At the end of the talks, Egypt issued its own statement saying it had initialed the agreement, calling it “fair and balanced” and in “the common interest of the three countries.

The United States seems to be putting its thumb on the scale in favor of Egypt, said David Shinn, adjunct professor of international affairs at the George Washington University and former U.S. ambassador to Ethiopia.

Shinn said it’s not clear what the United States is trying to achieve beyond Trump’s statement that he wants a quick solution to the problem. Perhaps it is time to make the agreement public so that everyone can see what the United States is proposing, Shinn said.

Given Ethiopia’s refusal to accept the terms of the of the agreement, the Trump administration has no option but to bow out and make room for another impartial mediator, said Addisu Lashitew, a research fellow at the Brookings Institution.

Lashitew accused the administration of not fully understanding the mess it has created by complicating a delicate negotiation process that was already tense.

In a matter of weeks the U.S. has squandered the goodwill that it has developed with Ethiopia through decades-long engagement, Lashitew said.

The next steps in negotiations are unclear.

It’s now a matter of political will, said Aaron Salzberg, director of The Water Institute at University of North Carolina at Chapel Hill.

If the parties want to reach an agreement, they will work through the remaining differences � with or without the United States, Salzberg added.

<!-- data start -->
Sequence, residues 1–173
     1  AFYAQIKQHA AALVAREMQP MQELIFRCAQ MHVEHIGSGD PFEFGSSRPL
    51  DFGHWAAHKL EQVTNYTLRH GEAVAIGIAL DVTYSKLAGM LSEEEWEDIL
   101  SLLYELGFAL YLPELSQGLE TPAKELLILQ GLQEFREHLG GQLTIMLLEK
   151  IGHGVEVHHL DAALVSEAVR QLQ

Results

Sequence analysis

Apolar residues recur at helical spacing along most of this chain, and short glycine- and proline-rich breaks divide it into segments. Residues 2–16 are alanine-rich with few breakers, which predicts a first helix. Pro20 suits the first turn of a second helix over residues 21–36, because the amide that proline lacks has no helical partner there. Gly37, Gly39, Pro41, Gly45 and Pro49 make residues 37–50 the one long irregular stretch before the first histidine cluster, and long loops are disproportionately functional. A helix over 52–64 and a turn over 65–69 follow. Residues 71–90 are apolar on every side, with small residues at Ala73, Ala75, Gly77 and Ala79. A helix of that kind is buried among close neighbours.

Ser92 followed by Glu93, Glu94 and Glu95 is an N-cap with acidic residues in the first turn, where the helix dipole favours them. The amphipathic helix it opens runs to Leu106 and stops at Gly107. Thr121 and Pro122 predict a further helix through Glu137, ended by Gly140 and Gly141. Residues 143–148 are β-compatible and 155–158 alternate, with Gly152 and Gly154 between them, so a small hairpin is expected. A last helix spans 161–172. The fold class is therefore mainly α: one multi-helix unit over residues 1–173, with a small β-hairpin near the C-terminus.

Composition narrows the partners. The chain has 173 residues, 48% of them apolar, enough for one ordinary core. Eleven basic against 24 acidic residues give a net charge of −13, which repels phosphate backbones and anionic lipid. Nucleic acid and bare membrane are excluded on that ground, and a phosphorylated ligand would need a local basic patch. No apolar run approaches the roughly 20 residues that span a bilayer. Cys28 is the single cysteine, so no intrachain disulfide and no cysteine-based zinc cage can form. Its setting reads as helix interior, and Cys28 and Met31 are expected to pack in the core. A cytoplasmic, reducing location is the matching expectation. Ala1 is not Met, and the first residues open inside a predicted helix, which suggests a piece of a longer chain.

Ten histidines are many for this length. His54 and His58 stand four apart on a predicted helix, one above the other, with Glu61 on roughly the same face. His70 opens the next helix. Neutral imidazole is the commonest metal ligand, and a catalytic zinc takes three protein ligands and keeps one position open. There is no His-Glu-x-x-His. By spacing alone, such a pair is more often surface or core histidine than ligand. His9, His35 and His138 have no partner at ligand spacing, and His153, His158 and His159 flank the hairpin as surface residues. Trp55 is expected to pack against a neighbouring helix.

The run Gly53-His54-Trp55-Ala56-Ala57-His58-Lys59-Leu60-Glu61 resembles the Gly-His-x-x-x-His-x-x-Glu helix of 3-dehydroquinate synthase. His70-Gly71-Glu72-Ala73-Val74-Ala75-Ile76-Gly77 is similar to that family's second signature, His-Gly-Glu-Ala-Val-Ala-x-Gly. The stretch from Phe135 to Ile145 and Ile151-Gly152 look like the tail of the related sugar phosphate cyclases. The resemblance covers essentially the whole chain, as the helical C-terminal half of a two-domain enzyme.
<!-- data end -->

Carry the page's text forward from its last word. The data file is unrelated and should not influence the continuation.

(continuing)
Source: Voice of America

The EurAfrican Forum in search for a common ground between Europe and Africa

The 3rd edition of the EurAfrican Forum (www.EurAfricanForum.org) to be held on July 2nd and 3rd in Cascais, Portugal will be gathering over 700 European and African key actors from more than 60 countries; 2020 edition will look for new opportunities for both continents as it unveils its theme In Search for a Common Ground; The program will focus on key topics as Africa and Europe relations, Free Trade Agreements, Climate Change, African Arts and Culture, Infrastructure, Connectivity and Off-grid solutions.

The annual meeting will gather over 700 African and European changemakers such as entrepreneurs, artists, activists, public and private decision leaders, in Cascais, Portugal, on July 2nd and 3rd 2020.

It is now time to establish a structured cooperation between Africa and Europe, engaging not only public decision makers but creating a denser network, embarking in the discussions entrepreneurs, young people, women, artists, scientists…rdquo; Joseacute; Manuel Duratilde;o Barroso, Chairman of the EurAfrican Forum.

Hosted by the Portuguese Diaspora Council and the Municipality of Cascais, with the High Patronage of the Portuguese Presidency, this third consecutive edition will focus on main issues such Africa and Europe relations, Free Trade Agreements, Climate Change, the influence of African Arts and Culture, Infrastructure, Connectivity and Off-grid solutions, under the theme In Search for a Common Ground.

2020 is a pivotal year for Europe and Africa as this new decade marks the unavoidable collaboration between our continents at a time when climate change, demographic challenges and the technologic revolution are central pieces of Africa and Europe’s sustainable development puzzlerdquo;, said Filipe de Botton, Chairman of the Board of the Portuguese Diaspora Council.

As Europe and Africa face common challenges, the EurAfrican Forum exists as a platform to work on future partnerships for sustainable solutions. Exploiting synergies and promoting business opportunities with mutual benefits, the event will be sharing initiatives, in search for a common ground.

Source: EurAfrican Forum.